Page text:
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News Release 04-116

Twelve Women are Among NSF-Supported Young Scientists and Engineers to Receive Presidential Award for Early Career Achievements

Marks the first time a majority of NSF-named Presidential Early Career Awards go to women

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Arjun Heimsath, a Dartmouth University geologist

Arjun Heimsath, a Dartmouth College geologist and recipient of a 2003 PECASE honor, collects bedrock samples above the Matanuska Glacier in the Chugach Range of Alaska. Heimsath initially analyzes erosion rates and age of exposure of the samples. Then, he and his students do lab analyses on the samples to determine their intrinsic strength and states of weathering. From this, Heimsath is able to determine the mechanical and climate controls on erosion rates that occur in landscapes at higher elevations.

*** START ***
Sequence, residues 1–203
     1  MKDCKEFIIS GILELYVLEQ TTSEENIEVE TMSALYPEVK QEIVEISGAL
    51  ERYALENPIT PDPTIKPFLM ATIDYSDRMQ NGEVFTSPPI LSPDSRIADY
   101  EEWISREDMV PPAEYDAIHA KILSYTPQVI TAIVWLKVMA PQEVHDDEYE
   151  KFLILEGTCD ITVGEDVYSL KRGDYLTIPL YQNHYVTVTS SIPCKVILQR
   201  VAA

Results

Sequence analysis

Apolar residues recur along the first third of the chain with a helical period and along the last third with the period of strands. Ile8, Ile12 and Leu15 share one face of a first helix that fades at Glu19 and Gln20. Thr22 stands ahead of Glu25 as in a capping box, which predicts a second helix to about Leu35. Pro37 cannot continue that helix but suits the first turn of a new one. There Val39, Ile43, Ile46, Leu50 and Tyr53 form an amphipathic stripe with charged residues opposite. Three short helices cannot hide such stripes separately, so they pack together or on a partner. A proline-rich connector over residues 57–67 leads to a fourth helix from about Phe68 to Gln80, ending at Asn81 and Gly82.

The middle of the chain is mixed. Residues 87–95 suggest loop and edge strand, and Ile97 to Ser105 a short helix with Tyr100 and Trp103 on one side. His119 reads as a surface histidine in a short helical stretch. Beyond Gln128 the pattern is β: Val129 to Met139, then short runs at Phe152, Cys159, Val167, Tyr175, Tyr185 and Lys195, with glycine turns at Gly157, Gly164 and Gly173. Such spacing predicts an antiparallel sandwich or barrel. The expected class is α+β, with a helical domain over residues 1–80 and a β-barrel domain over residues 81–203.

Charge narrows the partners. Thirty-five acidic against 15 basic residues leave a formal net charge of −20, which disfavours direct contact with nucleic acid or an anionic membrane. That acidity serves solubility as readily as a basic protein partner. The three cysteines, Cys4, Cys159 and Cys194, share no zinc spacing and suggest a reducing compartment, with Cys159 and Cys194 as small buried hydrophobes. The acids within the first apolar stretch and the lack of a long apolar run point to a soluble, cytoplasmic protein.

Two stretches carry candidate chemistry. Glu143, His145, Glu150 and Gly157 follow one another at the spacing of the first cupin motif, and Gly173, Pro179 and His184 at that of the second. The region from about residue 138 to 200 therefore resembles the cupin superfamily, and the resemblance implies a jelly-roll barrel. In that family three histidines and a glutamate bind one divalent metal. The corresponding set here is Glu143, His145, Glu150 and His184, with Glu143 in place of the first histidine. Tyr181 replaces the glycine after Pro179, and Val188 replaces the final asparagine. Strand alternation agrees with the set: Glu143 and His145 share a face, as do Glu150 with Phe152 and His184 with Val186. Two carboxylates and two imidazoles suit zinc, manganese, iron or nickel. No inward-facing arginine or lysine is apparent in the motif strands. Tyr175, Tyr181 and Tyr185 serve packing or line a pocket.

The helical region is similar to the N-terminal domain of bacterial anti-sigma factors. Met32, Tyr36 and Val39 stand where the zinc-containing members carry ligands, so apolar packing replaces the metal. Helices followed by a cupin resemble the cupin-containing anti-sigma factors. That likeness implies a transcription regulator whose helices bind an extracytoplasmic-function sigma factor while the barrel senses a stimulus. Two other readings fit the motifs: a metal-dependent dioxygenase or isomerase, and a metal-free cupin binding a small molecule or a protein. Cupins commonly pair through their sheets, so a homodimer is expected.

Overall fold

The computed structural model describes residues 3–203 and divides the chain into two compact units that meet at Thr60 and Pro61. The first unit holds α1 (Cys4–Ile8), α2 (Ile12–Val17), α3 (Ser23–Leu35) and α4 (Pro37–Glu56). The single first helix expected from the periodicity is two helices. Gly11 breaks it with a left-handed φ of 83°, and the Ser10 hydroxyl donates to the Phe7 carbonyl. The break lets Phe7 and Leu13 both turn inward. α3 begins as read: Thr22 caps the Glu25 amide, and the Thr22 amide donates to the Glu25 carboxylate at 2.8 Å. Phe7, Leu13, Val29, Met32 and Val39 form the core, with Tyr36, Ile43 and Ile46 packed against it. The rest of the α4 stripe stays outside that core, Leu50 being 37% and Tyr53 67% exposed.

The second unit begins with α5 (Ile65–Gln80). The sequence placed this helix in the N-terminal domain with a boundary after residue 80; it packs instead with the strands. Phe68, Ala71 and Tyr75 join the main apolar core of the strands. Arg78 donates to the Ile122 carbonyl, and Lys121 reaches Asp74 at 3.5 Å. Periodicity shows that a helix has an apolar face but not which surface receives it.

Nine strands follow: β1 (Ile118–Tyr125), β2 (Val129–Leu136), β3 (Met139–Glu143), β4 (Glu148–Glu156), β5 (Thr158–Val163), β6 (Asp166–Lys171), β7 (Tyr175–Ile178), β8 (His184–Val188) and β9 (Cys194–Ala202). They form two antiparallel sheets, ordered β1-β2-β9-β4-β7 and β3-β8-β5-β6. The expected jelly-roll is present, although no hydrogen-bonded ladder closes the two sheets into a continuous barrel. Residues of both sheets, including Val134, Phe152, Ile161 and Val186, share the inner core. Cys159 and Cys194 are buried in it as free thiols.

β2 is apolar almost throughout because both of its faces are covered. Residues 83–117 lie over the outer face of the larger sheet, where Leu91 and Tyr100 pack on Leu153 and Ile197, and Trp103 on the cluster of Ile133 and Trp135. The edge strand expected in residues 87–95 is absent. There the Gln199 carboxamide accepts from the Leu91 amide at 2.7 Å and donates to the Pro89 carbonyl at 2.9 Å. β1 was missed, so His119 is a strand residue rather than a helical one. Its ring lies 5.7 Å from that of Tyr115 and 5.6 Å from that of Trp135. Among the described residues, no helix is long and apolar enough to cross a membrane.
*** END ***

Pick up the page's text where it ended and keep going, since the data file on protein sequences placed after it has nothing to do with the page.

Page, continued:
Credit: Dan Lawson, US Army Cold Regions Research and Engineering Laboratory


Cyrus Shahabi, 2003 PECASE recipient

Cyrus Shahabi, a University of Southern California 2003 PECASE recipient and computer scientist (left), instructs Ph.D. students Mehdi Sharifzadeh (center) and HyunJin Yoon (right) on how to employ “cyber gloves” to generate immersive sensor data streams from various hand movements. Sensors inside the gloves interact with software and generate data scientists are using in human factor and behavioral studies, among others. Students get hands-on experience in using sophisticated mathematics and acquiring advanced knowledge in mining multidimensional data streams.

Credit: Mohammad Kolahdouzan, University of Southern California

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